One of the most common pieces of feedback CCTS receives related to the Inclusionary Practices Project (IPP) is that people want access to what others are doing in the field. "Stories from the Field” is an ongoing way we hope to amplify voices so we can learn from one another’s experiences.
In June, 2020 Gary Hale (CCTS Project Specialist) interviewed Kim Berhow (Assistant Director of College and CTE) and Todd Karnofski (Special Education Coordinator) from Evergreen Public Schools in Vancouver, Washington to talk about their 10-year journey toward greater inclusion.
It's not just CTE. And it's not just Special Ed. When we come at it from that angle, we end up naturally collaborating on everything.Kim Berhow Assistant Director of College and CTE, Evergreen Public Schools
Todd: I’m the Special Education Coordinator at Evergreen Public Schools and even before becoming an administrator seven years ago, I was a teacher. It was great to have those kids access all those different CTE options. As an administrator, I’ve been able to see how some of those things are connected and how some of the data results in positive growth for students by having access to CTE classes that are of interest to them. It’s been great to have that relationship between Special Ed and CTE.
Kim: I’m the Assistant Director of College, Career and Technical Education. Todd and I worked together as teachers at Evergreen High School before moving into administration. I came from industry to teaching about 14 years ago. I was a teacher in the classroom for a while and then I moved to career guidance, which was around the same time we moved to this inclusionary model (10 years ago). Now, I work with teachers and CTE in improving that collaboration and inclusion to do what we do best which is offer an opportunity to our students. They allow students to learn in different ways because some of it is hands on, some of it is on a computer, some of it is in a shop. There are a lot of different opportunities for a student to pursue what they’re interested in.
Kim: People have embedded beliefs and some of them have been held onto for a long time and they like how they do things. So, ongoing conversation and being willing to have a conversation back and forth. Just because I think it's important doesn't mean that anybody else thinks that something is important. I think the more conversations you have, you find that what we agree on is that we care about kids. And we want what is best for students. Let's start from that place and make sure we hear our teachers’ voices.
Todd: Simplifying is a big piece. Having a simplified message from the Superintendent really helped. Also, start small. Start with a grade level or one student. We piloted a co-teaching format with a CTE Teacher and a Special Ed Teacher last year at one school, and since we’ve seen such positive results, we are now going to have it at all four of our high schools this coming school year.
Todd: A student with an IEP went into a CTE course at Cascadia Tech Academy. They were doing a nursing class, and in the second half of the year they have to do an internship. But they have to show a certain level of proficiency before they can start. And in the classroom, she wasn't showing a lot of knowledge or evidence of learning. But in the internship, she started seeing the functionality and practices and her learning soared because, all of a sudden, we put it in her wheelhouse where she can actually do something and engage in immersive learning.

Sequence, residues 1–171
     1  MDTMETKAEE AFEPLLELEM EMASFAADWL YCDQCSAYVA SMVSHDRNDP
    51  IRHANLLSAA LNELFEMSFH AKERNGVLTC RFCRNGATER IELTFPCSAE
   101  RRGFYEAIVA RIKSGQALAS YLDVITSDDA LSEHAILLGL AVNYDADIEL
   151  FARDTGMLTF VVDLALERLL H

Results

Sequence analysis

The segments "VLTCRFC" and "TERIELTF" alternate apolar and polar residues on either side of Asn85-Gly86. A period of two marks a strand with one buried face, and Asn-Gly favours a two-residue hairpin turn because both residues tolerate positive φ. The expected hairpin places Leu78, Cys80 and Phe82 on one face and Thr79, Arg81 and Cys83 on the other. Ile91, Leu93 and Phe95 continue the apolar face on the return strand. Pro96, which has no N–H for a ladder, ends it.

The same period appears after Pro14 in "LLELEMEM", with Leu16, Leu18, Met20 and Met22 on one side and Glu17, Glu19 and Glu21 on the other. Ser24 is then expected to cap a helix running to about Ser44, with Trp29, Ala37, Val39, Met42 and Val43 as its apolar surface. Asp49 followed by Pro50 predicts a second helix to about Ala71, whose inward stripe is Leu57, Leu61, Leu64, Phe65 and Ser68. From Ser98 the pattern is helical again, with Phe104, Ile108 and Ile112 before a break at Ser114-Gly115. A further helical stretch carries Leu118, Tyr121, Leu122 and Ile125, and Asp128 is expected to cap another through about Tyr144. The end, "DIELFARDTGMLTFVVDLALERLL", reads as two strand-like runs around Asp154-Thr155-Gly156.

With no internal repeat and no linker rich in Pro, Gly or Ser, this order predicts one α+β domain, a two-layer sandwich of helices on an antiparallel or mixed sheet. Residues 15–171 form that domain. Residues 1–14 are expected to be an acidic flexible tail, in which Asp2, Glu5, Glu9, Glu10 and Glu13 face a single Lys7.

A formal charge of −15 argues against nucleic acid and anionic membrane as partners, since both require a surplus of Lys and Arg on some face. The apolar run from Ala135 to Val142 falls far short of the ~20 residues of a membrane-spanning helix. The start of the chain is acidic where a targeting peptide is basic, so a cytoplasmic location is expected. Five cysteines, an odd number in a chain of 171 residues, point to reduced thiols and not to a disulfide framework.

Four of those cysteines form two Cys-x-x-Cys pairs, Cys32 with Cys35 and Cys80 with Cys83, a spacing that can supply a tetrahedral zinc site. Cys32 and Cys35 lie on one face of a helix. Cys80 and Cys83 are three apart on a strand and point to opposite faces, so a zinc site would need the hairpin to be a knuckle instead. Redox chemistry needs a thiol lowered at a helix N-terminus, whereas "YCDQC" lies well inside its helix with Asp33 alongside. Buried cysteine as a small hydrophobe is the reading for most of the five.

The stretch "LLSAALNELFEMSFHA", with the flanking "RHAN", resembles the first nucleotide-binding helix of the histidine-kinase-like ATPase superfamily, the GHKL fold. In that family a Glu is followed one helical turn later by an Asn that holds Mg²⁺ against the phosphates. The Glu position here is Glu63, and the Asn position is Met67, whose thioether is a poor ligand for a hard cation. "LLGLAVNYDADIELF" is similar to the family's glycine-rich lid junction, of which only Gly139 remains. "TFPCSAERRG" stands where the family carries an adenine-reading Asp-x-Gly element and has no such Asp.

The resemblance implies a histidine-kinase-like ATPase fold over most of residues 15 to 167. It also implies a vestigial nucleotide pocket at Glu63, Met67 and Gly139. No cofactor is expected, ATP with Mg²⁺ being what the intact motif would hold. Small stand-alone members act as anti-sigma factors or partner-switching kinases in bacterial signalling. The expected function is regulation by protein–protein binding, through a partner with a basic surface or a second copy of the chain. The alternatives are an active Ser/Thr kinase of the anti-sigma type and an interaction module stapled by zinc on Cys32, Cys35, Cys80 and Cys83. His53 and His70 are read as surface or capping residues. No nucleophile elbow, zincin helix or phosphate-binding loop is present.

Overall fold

That's why co-teaching or that co-pairing between departments is so crucial - because we both have something to offer.Todd Karnofski Special Education Coordinator, Evergreen Public Schools
Kim: Ten years ago, having different departments working together was not very common. I do see it more often now. It's really respecting that both of us need to be at the table and sharing our experiences to get the whole picture. It's not just CTE. And it's not just Special Ed. When we come at it from that angle, we end up naturally collaborating on everything. The time of living in a silo teaching their single room in a schoolhouse within a large school--we have to break down that wall and really make sure that people are talking to each other.
Kim: More professional development (PD). Our CTE teachers come in through the Plan 2 route, which is through industry, so many of them have not had much experience with students on an IEP and need an opportunity to learn more about inclusionary practices (which is probably true for all teachers). So they need to think about how they're teaching. Is it all reading? Is it all on the computer? Finding a variety of ways to deliver content that everyone can access. And COVID has highlighted that need for us to look at how we can teach differently so that everyone can access. Just because I get it from reading or from auditory doesn't mean that everyone else does.
Todd: The focus on UDL and making sure our content specialists get those strategies. A lot of times in districts, strategy specialists get strategies and the content specialists talk about content and they rarely get to see the other side. We see that from the Special Ed side. You have this person who has had all these classes on strategy and different disabilities and access for them. Then what they need is the content so that they can apply those strategies but they don't get any professional development. That's why co-teaching or that co-pairing between departments is so crucial - because we both have something to offer.
Assistant Director of College and CTE,
Evergreen Public Schools
Special Education Coordinator,
Evergreen Public Schools